The building is aiming for a BREEAM ‘Excellent’ rating, partly through its retention and re-use of rainwater. SRDA sets standards for the UK siphonic industry and provides a helpline to designers, contractors and clients, but its influence is wider, with around 10% of enquiries coming from the Project Barley at Magna Park, the vast new logistics centre for Waitrose follows other huge projects at the site. Jim Hooker of the Siphonic Roof Drainage Association explains more about this vast project The record breaker Gulf States and Far East. In particular, its Criteria for Membership makes specific reference to HDPE pipework systems as follows:

D.1.3 Pipework

2. Pipes, fittings and joints (without brackets) should be suitable to withstand the positive pressures applied during pressure testing. The pipes, fittings and joints (without brackets) should also be suitable to withstand the magnitude and duration of the negative pressures that might be generated during siphonic operation taking account, if necessary, of possible ovality of pipe. 3. The pipe clamp system must be capable of restraining pipework against lateral movement by providing support around the entire circumference of the pipe. Pipe supports may be fixed to a rail to prevent lateral movement or directly to the structure. 4. In the event of a dispute, calculations shall be presented to the Secretary of the Association to prove the adequacy of a pipe support system.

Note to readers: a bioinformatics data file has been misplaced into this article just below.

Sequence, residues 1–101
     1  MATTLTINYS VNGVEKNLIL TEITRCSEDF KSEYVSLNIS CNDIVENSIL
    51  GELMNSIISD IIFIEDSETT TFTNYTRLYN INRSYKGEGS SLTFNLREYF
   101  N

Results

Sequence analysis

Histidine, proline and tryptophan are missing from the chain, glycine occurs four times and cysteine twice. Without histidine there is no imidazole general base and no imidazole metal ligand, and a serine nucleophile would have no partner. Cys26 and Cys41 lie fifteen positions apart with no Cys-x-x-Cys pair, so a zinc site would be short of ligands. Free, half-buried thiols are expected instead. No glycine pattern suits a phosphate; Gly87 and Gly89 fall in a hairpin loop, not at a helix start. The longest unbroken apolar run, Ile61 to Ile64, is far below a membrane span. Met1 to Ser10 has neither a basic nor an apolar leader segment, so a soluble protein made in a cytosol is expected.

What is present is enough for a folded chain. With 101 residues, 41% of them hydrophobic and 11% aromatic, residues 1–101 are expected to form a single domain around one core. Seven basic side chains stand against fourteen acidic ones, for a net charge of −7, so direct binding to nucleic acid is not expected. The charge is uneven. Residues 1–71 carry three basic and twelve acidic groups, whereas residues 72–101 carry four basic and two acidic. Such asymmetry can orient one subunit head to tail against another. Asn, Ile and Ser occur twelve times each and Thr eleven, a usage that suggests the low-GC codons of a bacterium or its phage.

And… D.2 Full Member Installation

1. Members must publish full installation instructions covering: – Detailed drawings which demonstrate the method of attachment of the outlet to the waterproof membrane for which the outlet is designed. – Compliance with BS8490 regarding system design and jointing. – System maintenance. 2. HDPE pipework: factory-control conditions must be achieved in all fusion welding: – Butt fusion jointing must be by use of hydraulically-controlled machinery. – Electrofusion sleeves must be used for all other welding. – The installation must be in compliance with BS 8490 regarding jointing. SRDA was also instrumental in the development of BS 8490:2007 ‘Guide to Siphonic Roof Drainage Systems’ the key parts of which are contained in the freely downloadable ‘SRDA Guide to Siphonic Drainage’ available from . Members must demonstrate compliance of their software against this standard both at application and by triennial audit, with includes a site inspection by an independent consultant.